THE COMPELLING CASE FOR INDENTATION AS A FUNCTIONAL EXPLORATORY AND CHARACTERIZATION TOOL
Robert F. Cook, David B. Marshall, Nitin P. Padture, Michelle L. Oyen, Antonia Pajares, Jodie E. Bradby, Ivar E. Reimanis, Rajan Tandon, Trevor F. Page, George M. Pharr, Brian R. Lawn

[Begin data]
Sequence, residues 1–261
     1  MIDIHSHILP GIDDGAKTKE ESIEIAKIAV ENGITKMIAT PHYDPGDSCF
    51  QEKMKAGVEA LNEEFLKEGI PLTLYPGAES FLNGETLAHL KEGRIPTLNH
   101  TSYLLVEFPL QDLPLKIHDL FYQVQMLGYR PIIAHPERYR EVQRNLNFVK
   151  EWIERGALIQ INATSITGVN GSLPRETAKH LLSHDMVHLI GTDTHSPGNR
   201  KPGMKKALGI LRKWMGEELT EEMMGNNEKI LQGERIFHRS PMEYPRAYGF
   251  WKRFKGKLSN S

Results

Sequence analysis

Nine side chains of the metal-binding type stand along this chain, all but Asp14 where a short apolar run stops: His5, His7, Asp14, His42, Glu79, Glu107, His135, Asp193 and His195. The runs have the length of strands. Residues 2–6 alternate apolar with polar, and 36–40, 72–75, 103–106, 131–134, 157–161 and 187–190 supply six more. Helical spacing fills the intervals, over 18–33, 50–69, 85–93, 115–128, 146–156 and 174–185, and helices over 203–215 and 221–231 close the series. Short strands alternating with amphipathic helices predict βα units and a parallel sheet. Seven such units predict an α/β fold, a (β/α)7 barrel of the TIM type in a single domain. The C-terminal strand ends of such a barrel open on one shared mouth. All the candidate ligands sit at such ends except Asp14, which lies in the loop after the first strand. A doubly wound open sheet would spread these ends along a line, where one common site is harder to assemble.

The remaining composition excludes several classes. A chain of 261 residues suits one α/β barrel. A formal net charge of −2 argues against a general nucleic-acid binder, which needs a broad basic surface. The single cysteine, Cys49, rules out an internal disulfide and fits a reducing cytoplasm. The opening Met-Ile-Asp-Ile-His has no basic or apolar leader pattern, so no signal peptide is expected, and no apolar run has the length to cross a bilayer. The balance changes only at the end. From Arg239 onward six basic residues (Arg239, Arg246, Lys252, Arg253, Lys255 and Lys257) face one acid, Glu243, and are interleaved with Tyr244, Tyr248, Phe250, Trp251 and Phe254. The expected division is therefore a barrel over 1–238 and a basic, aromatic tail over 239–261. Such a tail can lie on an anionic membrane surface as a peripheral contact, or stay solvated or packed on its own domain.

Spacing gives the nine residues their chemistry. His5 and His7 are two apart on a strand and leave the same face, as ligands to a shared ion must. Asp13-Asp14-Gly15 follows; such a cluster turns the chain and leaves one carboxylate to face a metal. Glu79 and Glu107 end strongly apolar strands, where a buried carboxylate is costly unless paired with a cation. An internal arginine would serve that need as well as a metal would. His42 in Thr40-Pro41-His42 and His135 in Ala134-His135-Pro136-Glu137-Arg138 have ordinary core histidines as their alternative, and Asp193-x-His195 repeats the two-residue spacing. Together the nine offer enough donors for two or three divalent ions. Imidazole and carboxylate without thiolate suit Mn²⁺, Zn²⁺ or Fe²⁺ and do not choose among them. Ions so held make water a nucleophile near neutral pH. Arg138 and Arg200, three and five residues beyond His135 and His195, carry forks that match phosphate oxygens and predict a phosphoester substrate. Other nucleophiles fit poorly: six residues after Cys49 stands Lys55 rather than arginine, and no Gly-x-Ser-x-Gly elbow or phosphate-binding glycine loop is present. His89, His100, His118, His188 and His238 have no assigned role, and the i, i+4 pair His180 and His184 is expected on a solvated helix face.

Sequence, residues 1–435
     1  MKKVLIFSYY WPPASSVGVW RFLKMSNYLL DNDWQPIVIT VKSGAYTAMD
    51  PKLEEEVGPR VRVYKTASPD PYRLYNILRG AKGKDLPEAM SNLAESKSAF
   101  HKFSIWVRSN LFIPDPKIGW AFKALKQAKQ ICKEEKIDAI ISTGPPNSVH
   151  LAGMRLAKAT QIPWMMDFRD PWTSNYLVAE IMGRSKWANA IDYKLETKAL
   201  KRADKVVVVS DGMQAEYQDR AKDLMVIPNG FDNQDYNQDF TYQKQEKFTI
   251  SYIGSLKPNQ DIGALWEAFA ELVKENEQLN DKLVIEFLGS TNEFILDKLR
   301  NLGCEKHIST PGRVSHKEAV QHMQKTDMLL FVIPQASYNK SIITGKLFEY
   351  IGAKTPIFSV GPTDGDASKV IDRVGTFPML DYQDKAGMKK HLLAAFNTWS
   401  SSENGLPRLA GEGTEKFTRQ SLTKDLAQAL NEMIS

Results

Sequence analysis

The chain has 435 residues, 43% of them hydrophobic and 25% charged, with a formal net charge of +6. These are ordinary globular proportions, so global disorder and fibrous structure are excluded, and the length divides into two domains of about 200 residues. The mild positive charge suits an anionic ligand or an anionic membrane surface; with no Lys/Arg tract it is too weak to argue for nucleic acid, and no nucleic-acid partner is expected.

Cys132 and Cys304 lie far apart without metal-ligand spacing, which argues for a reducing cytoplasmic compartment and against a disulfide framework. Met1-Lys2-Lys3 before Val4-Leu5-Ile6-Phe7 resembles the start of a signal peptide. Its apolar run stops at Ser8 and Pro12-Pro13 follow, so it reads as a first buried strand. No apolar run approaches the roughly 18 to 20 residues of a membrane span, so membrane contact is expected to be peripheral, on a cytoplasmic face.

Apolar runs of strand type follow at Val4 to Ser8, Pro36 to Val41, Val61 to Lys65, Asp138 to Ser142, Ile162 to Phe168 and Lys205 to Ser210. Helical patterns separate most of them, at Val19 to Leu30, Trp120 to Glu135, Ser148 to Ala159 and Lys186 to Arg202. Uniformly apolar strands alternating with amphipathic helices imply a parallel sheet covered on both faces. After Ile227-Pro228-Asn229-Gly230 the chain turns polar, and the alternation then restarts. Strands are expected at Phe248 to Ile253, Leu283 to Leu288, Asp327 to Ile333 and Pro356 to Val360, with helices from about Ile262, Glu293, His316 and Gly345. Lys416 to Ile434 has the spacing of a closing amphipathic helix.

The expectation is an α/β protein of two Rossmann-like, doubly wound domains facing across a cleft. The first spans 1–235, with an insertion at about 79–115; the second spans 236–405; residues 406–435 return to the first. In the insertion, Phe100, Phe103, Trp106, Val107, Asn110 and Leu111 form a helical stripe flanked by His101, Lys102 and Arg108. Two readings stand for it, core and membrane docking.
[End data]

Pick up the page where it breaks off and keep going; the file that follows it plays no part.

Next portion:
The utility of indentation testing for characterizing a wide range of mechanical properties of brittle materials is highlighted in light of recent articles questioning its validity, specifically in relation to the measurement of toughness. Contrary to assertion by some critics, indentation fracture theory is fundamentally founded in GriffithIrwin fracture mechanics, based on model crack systems evolving within inhomogeneous but well-documented elastic and elasticplastic contact stress fields. Notwithstanding numerical inaccuracy in associated stress intensity factor relations, the technique remains an unrivalled quick, convenient and economical means for comparative, site-specific toughness evaluation. Most importantly, indentation patterns are unique fingerprints of mechanical behavior and thereby afford a powerful functional tool for exploring the richness of material diversity. At the same time, it is cautioned that unconditional usage without due attention to the conformation of the indentation patterns can lead to overstated toughness values. Limitations of an alternative, more engineering approach to fracture evaluation, that of propagating a pre-crack through a 'standard' machined specimen, are also outlined. Misconceptions in the critical literature concerning the fundamental nature of crack equilibrium and stability within contact and other inhomogeneous stress fields are discussed.